The last few months have been very difficult ones. My father's health has continued to decline. He was hospitalized again earlier this month, and Hospice is now helping us care for him. The doctors say there is little more they can throw at his various ailments.
The disintegration of his body is echoed by the disintegration of my psyche. I had a job where I was liked, a house, a novel to sell, friends I could visit in person, and an extended writing community I enjoyed. I sold the house, moved away from my job and friends, and have been unemployed until this week. Today, I began a temp job that lasts for a couple of weeks. Employment has been long-desired by me and, I hope, will lend me a little sanity along with the ability to pay down debts.
Television dramas about dying family members are usually sentimental and
depict families tearfully coming together and ironing out their differences. It's
not like that in my experience; my parents still shout at each other daily over items that mostly have no consequence while the elephant languishes in the corner. We don't go out much. We watch a lot of television, prepare food, pick things up around my bedridden father, and make small talk.
We are sitting around waiting for Dad to die.
I need to redo the bio on my Web page. I only wish I knew who I am now. My days are filled with Murder She Wrote episodes on Netflix, arranging my father's medications, calling the hospice people, interacting online with Dad's friends, and - most recently - working on his burial arrangements.
My online writing friends think I should have plenty of time to write. Unfortunately, writing is something I have to work the nerve up to do under the best of circumstances. Right now, even thinking about working on fiction makes me want to cry. My words have scattered to the far winds and I wonder if they will ever blow home, rolling like the sea foam does across the causeway.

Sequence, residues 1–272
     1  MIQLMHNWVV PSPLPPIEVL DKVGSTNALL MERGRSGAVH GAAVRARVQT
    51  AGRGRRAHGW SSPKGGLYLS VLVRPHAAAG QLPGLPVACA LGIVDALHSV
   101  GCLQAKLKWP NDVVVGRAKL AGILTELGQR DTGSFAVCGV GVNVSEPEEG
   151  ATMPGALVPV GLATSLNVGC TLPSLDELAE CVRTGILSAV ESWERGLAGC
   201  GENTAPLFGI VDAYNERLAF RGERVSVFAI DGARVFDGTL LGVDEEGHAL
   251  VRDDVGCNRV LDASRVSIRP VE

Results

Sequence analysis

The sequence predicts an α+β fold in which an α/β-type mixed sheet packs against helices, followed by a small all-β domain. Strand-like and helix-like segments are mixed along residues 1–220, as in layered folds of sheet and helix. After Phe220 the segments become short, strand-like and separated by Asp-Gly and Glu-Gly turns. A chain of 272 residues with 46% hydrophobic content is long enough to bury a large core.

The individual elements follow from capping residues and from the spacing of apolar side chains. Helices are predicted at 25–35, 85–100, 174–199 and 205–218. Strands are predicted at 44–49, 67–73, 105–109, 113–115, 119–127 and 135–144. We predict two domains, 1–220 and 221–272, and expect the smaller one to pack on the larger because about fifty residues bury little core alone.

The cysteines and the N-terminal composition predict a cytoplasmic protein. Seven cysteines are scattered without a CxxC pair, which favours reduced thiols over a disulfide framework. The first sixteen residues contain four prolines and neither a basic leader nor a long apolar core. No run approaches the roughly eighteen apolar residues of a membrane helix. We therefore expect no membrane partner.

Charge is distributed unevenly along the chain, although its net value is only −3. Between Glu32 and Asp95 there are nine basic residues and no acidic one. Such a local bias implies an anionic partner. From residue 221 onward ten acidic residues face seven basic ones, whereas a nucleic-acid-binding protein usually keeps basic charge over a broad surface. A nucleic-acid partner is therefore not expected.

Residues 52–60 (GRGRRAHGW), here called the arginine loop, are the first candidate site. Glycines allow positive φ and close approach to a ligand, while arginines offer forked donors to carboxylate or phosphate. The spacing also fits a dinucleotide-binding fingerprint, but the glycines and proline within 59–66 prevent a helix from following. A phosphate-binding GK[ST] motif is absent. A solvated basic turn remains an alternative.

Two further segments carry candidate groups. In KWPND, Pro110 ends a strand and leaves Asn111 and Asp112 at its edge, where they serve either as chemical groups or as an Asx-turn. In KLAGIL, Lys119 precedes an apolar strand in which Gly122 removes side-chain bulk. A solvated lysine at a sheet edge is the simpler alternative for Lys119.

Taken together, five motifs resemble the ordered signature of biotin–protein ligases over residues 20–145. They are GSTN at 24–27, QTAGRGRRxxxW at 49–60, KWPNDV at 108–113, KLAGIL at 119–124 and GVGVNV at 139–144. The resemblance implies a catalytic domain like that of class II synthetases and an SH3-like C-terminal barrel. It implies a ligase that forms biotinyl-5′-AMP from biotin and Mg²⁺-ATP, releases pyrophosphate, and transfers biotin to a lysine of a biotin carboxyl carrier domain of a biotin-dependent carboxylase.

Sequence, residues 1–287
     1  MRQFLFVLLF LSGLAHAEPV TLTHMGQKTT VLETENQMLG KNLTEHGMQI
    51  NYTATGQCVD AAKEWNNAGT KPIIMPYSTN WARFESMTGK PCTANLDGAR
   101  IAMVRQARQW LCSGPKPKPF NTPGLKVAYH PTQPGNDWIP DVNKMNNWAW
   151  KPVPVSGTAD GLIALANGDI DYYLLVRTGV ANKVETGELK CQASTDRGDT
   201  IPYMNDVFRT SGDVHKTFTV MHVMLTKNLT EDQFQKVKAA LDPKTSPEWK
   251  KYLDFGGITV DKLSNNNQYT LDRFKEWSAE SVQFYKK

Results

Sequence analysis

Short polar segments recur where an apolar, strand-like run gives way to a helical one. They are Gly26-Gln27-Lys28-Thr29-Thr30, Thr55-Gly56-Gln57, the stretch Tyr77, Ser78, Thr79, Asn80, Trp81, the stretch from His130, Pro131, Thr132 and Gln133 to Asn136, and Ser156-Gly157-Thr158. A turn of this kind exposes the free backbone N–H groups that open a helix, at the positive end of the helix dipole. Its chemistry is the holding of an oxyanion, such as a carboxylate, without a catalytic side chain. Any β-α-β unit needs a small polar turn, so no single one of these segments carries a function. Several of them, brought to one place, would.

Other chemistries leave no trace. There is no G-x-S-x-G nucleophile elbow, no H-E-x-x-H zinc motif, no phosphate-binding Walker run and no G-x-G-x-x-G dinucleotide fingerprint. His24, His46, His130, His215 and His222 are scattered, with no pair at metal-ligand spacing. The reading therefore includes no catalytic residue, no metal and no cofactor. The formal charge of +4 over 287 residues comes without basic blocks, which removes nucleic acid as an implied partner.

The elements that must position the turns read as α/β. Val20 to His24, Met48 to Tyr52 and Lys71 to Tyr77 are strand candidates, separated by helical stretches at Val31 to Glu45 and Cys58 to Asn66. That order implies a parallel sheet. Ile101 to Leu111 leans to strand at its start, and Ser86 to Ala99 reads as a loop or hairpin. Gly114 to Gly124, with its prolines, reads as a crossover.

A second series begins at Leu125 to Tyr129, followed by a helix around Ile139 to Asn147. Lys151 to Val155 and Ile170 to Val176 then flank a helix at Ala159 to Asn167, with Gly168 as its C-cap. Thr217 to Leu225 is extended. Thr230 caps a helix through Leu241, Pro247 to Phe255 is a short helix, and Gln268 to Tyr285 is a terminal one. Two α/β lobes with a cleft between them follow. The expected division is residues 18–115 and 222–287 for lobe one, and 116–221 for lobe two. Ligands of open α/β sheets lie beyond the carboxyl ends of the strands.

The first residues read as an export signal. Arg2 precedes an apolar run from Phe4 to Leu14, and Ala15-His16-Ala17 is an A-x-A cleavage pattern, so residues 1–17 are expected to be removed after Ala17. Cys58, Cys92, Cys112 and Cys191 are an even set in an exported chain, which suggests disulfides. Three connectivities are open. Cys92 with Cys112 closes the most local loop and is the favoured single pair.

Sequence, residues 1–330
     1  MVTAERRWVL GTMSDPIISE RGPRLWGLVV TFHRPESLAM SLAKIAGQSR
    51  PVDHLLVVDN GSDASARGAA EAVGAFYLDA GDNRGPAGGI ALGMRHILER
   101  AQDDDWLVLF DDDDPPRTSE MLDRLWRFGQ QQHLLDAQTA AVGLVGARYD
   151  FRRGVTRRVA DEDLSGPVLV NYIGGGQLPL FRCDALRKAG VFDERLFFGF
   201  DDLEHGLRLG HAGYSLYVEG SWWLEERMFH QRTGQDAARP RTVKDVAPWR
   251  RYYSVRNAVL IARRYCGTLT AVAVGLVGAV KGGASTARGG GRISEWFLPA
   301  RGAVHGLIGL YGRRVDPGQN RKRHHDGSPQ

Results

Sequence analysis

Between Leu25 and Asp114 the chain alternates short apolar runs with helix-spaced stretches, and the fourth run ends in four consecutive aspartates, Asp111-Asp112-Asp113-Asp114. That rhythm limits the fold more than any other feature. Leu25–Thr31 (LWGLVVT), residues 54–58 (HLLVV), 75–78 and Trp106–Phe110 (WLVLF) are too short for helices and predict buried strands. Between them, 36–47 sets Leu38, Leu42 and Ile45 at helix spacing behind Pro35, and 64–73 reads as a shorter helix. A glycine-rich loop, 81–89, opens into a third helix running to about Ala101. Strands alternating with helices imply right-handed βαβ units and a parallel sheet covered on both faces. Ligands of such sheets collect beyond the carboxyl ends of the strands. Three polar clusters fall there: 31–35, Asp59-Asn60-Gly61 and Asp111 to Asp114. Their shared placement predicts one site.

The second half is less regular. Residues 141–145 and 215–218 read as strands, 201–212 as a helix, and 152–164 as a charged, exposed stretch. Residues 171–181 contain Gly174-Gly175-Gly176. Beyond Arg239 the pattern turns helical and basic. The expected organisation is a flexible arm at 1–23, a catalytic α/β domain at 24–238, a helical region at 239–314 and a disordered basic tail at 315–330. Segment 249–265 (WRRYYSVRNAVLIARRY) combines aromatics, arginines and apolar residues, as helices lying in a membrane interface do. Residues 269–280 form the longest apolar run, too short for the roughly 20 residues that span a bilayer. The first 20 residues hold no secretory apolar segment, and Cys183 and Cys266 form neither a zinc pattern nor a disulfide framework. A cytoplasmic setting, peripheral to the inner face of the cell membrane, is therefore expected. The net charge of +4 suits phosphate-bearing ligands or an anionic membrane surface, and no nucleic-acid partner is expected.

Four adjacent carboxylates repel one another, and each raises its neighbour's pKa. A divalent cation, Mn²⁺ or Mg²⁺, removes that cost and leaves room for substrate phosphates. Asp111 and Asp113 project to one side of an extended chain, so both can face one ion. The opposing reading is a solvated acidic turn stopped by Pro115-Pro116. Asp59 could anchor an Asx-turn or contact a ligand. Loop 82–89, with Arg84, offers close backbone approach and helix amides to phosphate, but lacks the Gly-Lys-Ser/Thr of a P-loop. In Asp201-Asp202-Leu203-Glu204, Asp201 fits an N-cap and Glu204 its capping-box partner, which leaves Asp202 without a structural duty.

I'm reading, but not always easily. My concentration varies with Dad's condition. His health varies from day to day, as do his moods. Some days, he is the father I love. Other days, he is bitter, fussy, angry, and fearful. I have at least one book I want to review, but once again words fail me.
The only writing work I'm doing, in fact, is typing up his memoirs. He has designed many Bible lessons but has only rarely attempted expository writing. His writing still reflects his desire to teach, but some of the content is more personal. I'd often suggested he try his hand at writing a book on religion; this may be as close as he comes.
The new job gives me something real, fresh to talk about with him, a new avenue of small talk that helps diverts us both from the truth: we are waiting for death.